Babydude Press Announces New Worldwide Book Release of Sex, Drugs, and Schizophrenia Authored By Jonathan Harnisch
'People frighten me. Real people do, for that matter, and I detail a great deal of this in my story. I often dissociate to rid myself of bad memories and delusional thinking, and yet I test high for metacognition', declared Harnisch in a recent interview. 'My mind often frightens me, too. It's all a balancing act', he explains.
In a few sentences, Harnisch illustrates, with his personal experience, the fascinating irony of dissociative disorders like schizophrenia—he wants to hide, but ends up hiding behind himself. The average person on the street may wonder what Harnisch is talking about in this quote and other statements he makes about his book. He is talking about his own experiences with schizoaffective disorder.
Harnisch's struggle with his condition is interlinked with the incomprehension of non-sufferers and this provokes him to explain his reality. He has explored a range of media, including film, music, and now the written word, to help the general public understand exactly what it feels like to suffer from schizophrenia. By fictionalising the day-to-day meetings of multiple personalities, he is illuminating a corner of psychiatry that few understand.
Jonathan Harnisch is a sufferer of comorbid schizoaffective spectrum condition and this is the inspiration for the plot of his novel. Harnisch has exploited the insights brought to him by his condition to become an accomplished mental health advocate, film and TV producer, musician and fine artist.
The collected writings of Jonathan Harnisch mark a magnificent contribution to the public understanding of mental illness through a masterpiece of transgressive fiction with a heart. The general reader is finally able to see mainstream literary author Jonathan Harnisch at his best. Sex, Drugs, and Schizophrenia contains the works of 2014, Jonathan Harnisch: An Alibiography and Second Alibi: The Banality of Life, in one complete streaming narrative. The monumental scale of Harnisch’s achievement through adversity flourishes and can now be appreciated in this diverse, invaluable, and thought-provoking collection of fragmented fiction which will make your brain spin as Harnisch's sense of the inner machinations within the human experience spring into life through the written word. It forces one to question reality and step into another world wanting the protagonist and his alter ego to get it together and be okay. The author reveals himself through a series of alibis in the day-to-day meetings of multiple personalities, a corner of psychiatry that is hardly understood, and shedding light on the experiences of schizophrenia in a language that the non-sufferer can understand, albeit from the author who suffers himself. Not for the faint of heart, this fictionalized account of a disparate mind triumphs.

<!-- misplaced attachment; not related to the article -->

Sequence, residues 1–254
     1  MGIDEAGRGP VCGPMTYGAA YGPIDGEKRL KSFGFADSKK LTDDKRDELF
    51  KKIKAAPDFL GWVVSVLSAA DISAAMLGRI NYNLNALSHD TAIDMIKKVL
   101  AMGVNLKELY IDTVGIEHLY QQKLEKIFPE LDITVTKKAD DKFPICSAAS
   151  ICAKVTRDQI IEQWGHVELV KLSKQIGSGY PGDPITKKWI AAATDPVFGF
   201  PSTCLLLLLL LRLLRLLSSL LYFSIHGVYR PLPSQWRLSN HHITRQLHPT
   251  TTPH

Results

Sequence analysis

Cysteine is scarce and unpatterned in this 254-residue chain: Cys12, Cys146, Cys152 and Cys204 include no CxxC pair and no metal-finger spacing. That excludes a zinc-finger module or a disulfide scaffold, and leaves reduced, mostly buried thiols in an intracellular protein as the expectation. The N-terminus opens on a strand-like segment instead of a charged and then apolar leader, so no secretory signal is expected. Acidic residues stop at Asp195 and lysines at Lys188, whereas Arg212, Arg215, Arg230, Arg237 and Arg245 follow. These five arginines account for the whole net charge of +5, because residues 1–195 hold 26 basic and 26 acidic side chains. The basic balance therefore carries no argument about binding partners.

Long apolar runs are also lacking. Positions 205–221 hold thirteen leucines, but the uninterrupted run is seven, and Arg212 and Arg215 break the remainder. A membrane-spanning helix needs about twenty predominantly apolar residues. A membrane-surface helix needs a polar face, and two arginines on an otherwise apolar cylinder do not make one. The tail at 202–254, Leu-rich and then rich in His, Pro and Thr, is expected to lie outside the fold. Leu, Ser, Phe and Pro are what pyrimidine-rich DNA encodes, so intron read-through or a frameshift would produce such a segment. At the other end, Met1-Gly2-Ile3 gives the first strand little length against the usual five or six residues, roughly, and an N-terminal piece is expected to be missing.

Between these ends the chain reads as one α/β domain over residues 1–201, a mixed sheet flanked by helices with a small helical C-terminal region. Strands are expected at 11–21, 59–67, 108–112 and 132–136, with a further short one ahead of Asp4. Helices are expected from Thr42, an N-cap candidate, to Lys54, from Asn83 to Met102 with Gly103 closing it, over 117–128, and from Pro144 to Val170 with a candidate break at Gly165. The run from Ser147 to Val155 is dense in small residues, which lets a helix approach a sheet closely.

Just came across this and thought hey that's punny: "I'm just here to establish an alibi."
Stewie: Oh, well let me ask you something. Does she have an alibi?
Brian: For what, why would she need an alibi?
Stewie: So your saying she does not have an alibi.
Brian: Well, no.
Stewie: Ok, so we established she ain't got no alibi, she ugly, she ugly. (chants) U-G-L-Y she ain't got no alibi she ugly.
Brian: Screw off.
Stewie: M, she major ugly, O, she fat and pugly, O my god know the cow says moo.
Do you have your Alibi? Here’s my Second…